Asthma is a common and potentially serious chronic disease caused by inflammation in the airways of the lungs. This inflammation leads to repeated episodes of wheezing, breathlessness, chest tightness and coughing. Asthma attacks can lead to hospitalization, and may even be fatal. According to Asthma Canada, asthma affects more than 1 in every 10 Canadians.
In older children and adults, a diagnosis of asthma can be confirmed with a breathing test. If you or a loved one have asthma-like symptoms or have been prescribed an inhaler medication, ask your doctor about asthma testing.
Use it right.
If you have been prescribed an inhaler, it is very important that you know how to use it properly. These medications need to get deep into your lungs to be effective. Talk to your health care provider about practicing proper inhaler technique, or visit lung.ca for helpful videos.
Have a plan.
Asthma fluctuates over time, so make a plan for when symptoms worsen. Work with your health care provider and develop a written plan. When asthma symptoms flare up, put this plan into action! To minimize worsening of episodes, there are strategies to reduce some triggers in your home. Visit ginasthma.org for tips.
Know your work environment.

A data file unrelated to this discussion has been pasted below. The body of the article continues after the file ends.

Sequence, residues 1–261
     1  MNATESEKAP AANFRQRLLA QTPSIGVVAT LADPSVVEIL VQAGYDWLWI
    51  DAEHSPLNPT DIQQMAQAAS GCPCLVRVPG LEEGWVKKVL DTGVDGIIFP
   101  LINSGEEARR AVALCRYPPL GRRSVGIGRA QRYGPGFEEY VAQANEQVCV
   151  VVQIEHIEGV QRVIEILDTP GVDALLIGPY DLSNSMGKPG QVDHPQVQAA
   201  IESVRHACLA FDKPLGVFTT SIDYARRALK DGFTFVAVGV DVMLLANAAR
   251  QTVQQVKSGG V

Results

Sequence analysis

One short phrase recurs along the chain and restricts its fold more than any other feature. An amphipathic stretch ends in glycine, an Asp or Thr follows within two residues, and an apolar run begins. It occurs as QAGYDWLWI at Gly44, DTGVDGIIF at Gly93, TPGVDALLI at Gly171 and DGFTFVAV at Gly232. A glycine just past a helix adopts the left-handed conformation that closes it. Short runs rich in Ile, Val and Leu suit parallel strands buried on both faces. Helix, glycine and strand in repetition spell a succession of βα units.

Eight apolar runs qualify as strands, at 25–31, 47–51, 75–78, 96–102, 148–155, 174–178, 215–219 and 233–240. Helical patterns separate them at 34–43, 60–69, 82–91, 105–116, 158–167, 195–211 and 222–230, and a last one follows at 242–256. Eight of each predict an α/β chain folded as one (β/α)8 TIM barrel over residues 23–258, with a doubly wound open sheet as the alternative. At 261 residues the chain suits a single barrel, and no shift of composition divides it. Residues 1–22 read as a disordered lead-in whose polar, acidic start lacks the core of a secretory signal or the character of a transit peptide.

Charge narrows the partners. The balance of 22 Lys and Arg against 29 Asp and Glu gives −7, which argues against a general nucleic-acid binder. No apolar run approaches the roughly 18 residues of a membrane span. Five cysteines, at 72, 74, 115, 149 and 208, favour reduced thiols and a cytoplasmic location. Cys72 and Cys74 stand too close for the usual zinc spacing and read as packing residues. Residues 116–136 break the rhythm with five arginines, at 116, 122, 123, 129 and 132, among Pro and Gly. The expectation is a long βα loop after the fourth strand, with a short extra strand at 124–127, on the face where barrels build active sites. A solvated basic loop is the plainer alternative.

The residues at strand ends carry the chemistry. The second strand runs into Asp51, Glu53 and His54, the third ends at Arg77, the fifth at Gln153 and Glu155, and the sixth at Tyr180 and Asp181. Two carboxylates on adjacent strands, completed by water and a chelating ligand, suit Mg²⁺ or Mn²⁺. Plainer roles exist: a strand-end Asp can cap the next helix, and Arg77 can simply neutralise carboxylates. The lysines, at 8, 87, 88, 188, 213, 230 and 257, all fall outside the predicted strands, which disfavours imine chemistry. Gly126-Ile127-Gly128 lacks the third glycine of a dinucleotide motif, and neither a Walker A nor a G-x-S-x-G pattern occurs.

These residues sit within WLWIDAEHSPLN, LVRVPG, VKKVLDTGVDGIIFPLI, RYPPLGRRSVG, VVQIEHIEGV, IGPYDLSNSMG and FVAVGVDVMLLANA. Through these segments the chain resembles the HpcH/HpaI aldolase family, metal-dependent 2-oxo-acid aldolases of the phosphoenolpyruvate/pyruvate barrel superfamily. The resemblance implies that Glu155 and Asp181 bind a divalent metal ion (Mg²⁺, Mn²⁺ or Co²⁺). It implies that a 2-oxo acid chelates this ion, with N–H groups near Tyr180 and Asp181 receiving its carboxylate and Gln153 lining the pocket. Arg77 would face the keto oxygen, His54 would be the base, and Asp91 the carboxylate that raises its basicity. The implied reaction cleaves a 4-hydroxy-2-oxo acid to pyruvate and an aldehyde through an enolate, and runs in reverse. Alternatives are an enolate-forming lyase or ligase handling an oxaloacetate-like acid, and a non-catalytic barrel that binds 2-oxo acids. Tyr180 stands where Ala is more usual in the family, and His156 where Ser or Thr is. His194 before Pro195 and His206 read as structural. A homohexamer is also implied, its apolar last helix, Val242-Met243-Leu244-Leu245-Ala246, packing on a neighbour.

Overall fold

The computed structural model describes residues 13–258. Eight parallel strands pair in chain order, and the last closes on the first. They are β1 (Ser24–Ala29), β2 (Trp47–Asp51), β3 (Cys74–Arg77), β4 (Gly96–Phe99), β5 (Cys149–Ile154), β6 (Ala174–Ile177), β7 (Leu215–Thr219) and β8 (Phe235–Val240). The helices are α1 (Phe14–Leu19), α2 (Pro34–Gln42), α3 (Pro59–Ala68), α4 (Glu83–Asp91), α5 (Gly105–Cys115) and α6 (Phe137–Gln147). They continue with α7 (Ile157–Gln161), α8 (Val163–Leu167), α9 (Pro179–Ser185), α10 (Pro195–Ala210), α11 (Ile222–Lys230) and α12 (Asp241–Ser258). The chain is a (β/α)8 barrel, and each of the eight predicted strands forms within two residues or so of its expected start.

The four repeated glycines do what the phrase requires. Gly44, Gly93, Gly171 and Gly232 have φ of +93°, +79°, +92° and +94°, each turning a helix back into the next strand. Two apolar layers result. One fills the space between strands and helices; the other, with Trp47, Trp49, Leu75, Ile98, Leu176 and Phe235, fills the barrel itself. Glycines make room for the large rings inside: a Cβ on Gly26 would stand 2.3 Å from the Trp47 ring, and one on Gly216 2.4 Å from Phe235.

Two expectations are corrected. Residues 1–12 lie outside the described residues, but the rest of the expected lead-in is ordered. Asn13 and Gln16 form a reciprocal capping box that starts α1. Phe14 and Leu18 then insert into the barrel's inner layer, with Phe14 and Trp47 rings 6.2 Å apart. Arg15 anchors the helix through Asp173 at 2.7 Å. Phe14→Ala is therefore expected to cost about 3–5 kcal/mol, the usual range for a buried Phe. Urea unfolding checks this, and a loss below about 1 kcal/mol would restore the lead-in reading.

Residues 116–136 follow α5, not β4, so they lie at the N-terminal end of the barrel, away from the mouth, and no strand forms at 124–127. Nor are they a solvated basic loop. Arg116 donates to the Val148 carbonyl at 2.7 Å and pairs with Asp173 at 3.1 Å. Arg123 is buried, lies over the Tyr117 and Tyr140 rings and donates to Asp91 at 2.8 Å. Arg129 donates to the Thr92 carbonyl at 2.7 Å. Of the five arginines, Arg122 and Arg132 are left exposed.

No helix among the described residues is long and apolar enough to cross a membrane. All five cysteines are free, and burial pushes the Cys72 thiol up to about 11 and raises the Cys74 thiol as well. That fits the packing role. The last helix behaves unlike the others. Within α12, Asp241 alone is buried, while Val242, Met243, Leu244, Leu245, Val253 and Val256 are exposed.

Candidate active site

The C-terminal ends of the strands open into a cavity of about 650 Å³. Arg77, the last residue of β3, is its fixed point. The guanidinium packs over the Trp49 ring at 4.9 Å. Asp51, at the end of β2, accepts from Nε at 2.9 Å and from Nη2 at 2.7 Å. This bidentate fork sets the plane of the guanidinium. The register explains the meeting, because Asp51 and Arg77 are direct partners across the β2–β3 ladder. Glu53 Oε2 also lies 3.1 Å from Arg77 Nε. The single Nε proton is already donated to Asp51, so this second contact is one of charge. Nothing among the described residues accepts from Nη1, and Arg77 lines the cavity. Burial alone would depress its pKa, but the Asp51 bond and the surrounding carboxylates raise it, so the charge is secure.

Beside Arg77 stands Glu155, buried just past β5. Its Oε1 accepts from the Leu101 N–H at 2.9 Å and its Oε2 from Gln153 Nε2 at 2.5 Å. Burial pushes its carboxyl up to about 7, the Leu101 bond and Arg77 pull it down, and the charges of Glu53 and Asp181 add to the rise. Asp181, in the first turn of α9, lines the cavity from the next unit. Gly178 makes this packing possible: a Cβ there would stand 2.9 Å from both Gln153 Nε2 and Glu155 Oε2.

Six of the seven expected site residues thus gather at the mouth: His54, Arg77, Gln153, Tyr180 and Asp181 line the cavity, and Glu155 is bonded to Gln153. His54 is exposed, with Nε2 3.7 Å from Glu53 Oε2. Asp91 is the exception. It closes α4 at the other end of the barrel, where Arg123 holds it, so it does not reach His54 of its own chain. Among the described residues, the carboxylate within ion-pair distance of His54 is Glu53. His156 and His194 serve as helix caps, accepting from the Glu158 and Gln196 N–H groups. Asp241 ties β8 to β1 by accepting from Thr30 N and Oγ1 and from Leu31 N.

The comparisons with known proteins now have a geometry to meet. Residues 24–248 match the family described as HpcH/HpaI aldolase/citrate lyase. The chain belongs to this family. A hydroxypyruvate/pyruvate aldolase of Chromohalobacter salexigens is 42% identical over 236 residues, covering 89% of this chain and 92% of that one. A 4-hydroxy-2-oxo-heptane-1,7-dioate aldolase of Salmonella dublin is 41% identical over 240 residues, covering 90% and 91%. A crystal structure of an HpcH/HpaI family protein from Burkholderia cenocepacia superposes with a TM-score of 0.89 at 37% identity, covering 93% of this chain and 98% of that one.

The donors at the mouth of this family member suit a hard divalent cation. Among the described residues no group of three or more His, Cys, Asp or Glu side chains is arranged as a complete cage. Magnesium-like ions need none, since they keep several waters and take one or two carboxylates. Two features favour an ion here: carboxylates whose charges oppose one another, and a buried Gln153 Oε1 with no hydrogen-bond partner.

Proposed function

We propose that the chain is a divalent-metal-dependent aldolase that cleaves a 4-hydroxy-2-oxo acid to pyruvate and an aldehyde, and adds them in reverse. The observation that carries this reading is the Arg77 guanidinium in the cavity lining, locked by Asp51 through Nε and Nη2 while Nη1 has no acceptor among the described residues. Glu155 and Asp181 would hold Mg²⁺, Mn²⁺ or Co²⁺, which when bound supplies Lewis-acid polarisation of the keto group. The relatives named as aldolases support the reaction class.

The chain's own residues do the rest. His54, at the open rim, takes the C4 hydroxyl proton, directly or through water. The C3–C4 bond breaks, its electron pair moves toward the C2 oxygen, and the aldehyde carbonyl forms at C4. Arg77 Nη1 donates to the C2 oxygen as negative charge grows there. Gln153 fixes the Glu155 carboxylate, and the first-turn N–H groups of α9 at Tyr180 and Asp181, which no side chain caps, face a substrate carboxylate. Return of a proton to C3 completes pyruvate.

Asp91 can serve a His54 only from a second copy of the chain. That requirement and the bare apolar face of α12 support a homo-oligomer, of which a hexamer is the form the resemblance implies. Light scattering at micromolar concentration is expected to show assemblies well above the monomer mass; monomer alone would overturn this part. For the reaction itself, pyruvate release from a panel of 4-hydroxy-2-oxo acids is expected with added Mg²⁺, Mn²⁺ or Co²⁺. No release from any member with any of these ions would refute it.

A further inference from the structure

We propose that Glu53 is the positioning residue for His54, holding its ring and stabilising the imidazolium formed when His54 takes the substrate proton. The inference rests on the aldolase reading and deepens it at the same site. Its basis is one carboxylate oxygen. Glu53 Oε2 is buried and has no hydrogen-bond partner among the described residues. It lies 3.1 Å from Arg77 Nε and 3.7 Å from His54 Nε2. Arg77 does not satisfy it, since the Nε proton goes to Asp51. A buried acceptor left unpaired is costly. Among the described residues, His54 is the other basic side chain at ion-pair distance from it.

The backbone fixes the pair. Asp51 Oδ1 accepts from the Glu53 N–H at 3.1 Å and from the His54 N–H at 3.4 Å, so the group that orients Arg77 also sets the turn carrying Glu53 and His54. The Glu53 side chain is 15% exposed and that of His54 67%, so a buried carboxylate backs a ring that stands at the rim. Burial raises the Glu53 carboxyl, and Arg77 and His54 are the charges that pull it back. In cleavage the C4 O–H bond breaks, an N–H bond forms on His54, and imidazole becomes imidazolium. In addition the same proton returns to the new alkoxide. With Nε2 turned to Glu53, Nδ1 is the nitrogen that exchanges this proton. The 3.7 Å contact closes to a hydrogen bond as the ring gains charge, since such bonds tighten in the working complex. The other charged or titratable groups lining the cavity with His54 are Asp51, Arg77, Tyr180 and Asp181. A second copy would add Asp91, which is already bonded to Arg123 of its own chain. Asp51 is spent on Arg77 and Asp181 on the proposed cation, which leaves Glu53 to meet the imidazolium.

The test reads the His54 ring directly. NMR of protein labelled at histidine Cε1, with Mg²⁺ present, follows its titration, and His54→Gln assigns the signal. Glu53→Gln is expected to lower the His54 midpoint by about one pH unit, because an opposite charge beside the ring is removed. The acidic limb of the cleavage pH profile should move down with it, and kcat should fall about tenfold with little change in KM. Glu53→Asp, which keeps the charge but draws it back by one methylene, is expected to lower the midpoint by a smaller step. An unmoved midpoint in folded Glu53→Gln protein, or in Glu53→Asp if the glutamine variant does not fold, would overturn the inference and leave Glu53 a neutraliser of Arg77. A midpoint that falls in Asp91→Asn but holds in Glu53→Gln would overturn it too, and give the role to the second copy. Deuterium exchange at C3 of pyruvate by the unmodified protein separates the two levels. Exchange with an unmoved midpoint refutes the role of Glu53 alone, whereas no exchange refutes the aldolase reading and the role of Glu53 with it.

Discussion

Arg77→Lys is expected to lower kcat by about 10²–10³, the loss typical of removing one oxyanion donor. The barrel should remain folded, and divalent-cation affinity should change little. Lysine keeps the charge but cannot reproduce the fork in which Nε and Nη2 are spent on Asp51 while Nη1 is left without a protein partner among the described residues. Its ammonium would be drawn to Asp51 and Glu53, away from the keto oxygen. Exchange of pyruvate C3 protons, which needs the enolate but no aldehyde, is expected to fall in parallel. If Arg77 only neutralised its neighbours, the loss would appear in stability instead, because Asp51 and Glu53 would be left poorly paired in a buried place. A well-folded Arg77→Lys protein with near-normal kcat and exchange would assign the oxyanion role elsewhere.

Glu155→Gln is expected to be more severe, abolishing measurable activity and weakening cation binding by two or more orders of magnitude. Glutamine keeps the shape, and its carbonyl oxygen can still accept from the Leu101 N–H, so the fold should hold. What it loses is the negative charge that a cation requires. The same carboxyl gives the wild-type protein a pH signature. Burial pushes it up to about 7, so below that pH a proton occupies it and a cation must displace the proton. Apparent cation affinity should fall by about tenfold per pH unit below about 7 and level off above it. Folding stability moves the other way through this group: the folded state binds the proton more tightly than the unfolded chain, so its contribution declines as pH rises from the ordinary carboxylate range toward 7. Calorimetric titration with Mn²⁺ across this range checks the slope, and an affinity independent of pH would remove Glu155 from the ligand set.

According to Asthma Canada, approximately 1 in 10 asthmatic adults have symptoms aggravated or caused by exposures in the workplace. Common examples include spray paint and wheat flour. Speak with your occupational health and safety team to determine if your workplace may be contributing to your symptoms.
We share our air.
Air pollution can worsen asthma and other chronic respiratory conditions. Be sure to exercise outdoors regularly, but check the Air Quality Health Index and consider exercising indoors when the rating is very high. Also, please do all you can to reduce air pollution.
Dr. Kevin Lumb, MD, FRCP, is Osler’s Division Head of Respirology and has been practicing at Osler since 2010. Dr. Lumb has also been the Medical Advisor for Osler’s pulmonary function laboratories since 2019, and was the Site Chief of Medicine at Etobicoke General Hospital from 2020-2021. He completed his medical and subspecialty fellowship training at the University of Toronto.